For A Good Night’s Sleep


by: Danielle Da Silva, The Health Plus Team

The Best Foods

Sci­en­tif­ic re­search has re­vealed the im­por­tance of hav­ing a good night’s sleep on our phys­i­cal, men­tal and emo­tion­al health.

When you sleep well, your body has the time to heal and re­pair, while your brain cre­ates new neur­al path­ways. You there­fore wake up feel­ing re­freshed and ready to face the new day. The qual­i­ty of our sleep af­fects what we choose to eat and con­verse­ly, what we choose to eat af­fects the qual­i­ty of our sleep. When we don’t get enough sleep, we tend to crave high-sug­ar foods so that we can have the en­er­gy to make it through the day. To­day, we ex­plore how the foods that we choose to eat af­fect how eas­i­ly we fall asleep and stay asleep.

Be­fore we dive in­to the foods that are best for a good night’s sleep, let me ex­plain what the body needs for sleep. Mela­tonin is an im­por­tant hor­mone pro­duced in the brain that con­trols our sleep cy­cle. How well our body us­es mela­tonin is af­fect­ed by our con­sump­tion of tryp­to­phan, an es­sen­tial amino acid (the build­ing blocks of pro­tein) that in­flu­ences the lev­el of mela­tonin and sero­tonin (an­oth­er im­por­tant sleep hor­mone) in the brain. Since tryp­to­phan is an es­sen­tial amino acid, it can­not be pro­duced by the body and can on­ly be ob­tained through our di­et.

It’s prob­a­bly no sur­prise that a healthy, bal­anced di­et al­so leads to a good night’s sleep. A healthy, bal­anced di­et is one that in­cludes a lot of fruits and veg­eta­bles, whole grains, low fat pro­teins and healthy fats and is low in added sug­ar and sat­u­rat­ed fats,this sup­ports a healthy sleep cy­cle for many rea­sons:

• A healthy bal­anced di­et is rich in B vi­t­a­mins which makes tryp­to­phan more avail­able to the body and thus reg­u­lates mela­tonin.

• In ad­di­tion, a healthy bal­anced di­et is less like­ly to be de­fi­cient in mag­ne­sium, a min­er­al that sup­ports deep restora­tive sleep.

• On the oth­er hand if your di­et is high in processed and re­fined foods, you would like­ly have nu­tri­ent de­fi­cien­cies which will im­pact your mela­tonin pro­duc­tion.

• Fur­ther­more, a di­et high in sug­ar and re­fined car­bo­hy­drates could lead to sleep dis­tur­bances as the spike in blood sug­ar can block mela­tonin pro­duc­tion.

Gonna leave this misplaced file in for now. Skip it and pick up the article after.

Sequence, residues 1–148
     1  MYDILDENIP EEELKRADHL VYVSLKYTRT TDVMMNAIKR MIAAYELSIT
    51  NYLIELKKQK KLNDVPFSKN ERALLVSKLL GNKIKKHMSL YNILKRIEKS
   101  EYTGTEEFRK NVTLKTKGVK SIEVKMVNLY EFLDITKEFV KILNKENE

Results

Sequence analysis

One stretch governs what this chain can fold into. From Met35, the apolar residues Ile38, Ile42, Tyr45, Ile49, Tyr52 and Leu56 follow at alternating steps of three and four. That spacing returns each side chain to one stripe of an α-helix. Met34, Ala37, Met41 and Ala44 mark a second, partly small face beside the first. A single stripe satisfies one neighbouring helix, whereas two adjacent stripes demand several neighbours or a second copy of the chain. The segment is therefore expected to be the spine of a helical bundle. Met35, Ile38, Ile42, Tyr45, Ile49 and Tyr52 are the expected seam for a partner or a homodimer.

• Eat­ing a bal­anced di­et helps you to achieve a healthy weight which al­so re­duces your risk of in­som­nia, sleep ap­nea and oth­er sleep dis­tur­bances.

Here are spe­cif­ic foods that may be help­ful for a good night’s rest and pro­vide many oth­er ben­e­fits to the body:

Nuts are rich in tryp­to­phan. In ad­di­tion, al­monds are a good source of mag­ne­sium and wal­nuts al­so con­tain mela­tonin.

Cer­tain fruits like ba­nanas, pineap­ple, or­anges, tart cher­ries and ki­wis al­so con­tain mela­tonin.

Most pro­tein will con­tain tryp­to­phan, but turkey and oth­er poul­try, as well as eggs, con­tain high­er lev­els. Legumes al­so pro­vide high lev­els of tryp­to­phan as well as B-vi­t­a­mins. Fish, such as sar­dines, al­so pro­vides mag­ne­sium.

Dairy prod­ucts like yo­ghurt and milk are high in tryp­to­phan and al­so con­tain mag­ne­sium and B-vi­t­a­mins, all of which sup­port good sleep. Plus, the rit­u­al of hav­ing a warm cup of milk at bed­time has been shown to sup­port sleep.

Al­ter­na­tive­ly you can steep a caf­feine-free tea such as chamomile or pep­per­mint at bed­time for your night­ly rit­u­al, which re­lax­es the nerves and the mus­cles in the body.

Leafy-greens are great for many rea­sons in­clud­ing pro­vid­ing cal­ci­um and mag­ne­sium, which sup­port healthy mela­tonin lev­els. In ad­di­tion, the fiber from the greens helps to lim­it spikes in blood sug­ar which can block mela­tonin pro­duc­tion.

Just as there are foods that pro­mote healthy sleep, there are foods that will make falling asleep, or stay­ing asleep, dif­fi­cult. Some of these foods should be min­imised for op­ti­mal health and should be avoid­ed at din­ner­time to en­sure you get a good night’s sleep:

Caf­feine, spicy food and high-fat meals, which can cause heart­burn and keep you up at night.

High sug­ar foods and so­das

Many peo­ple be­lieve a night­cap (al­co­holic bev­er­age) at bed­time helps them to get to sleep. An oc­ca­sion­al al­co­holic bev­er­age at bed­time is fine, how­ev­er, long-term use of a night-cap can lead to in­som­nia and fre­quent wake-ups dur­ing the night.

Sleep is es­sen­tial for our phys­i­cal, men­tal and emo­tion­al health. If you strug­gle with falling asleep or stay­ing asleep, in ad­di­tion to look­ing at your di­et, you can al­so cre­ate a bed­time rit­u­al to help your body and mind wind down at the end of the day. In ad­di­tion, mak­ing sure that you have good sleep con­di­tions such as a dark, well-ven­ti­lat­ed room.

Sweet dreams!


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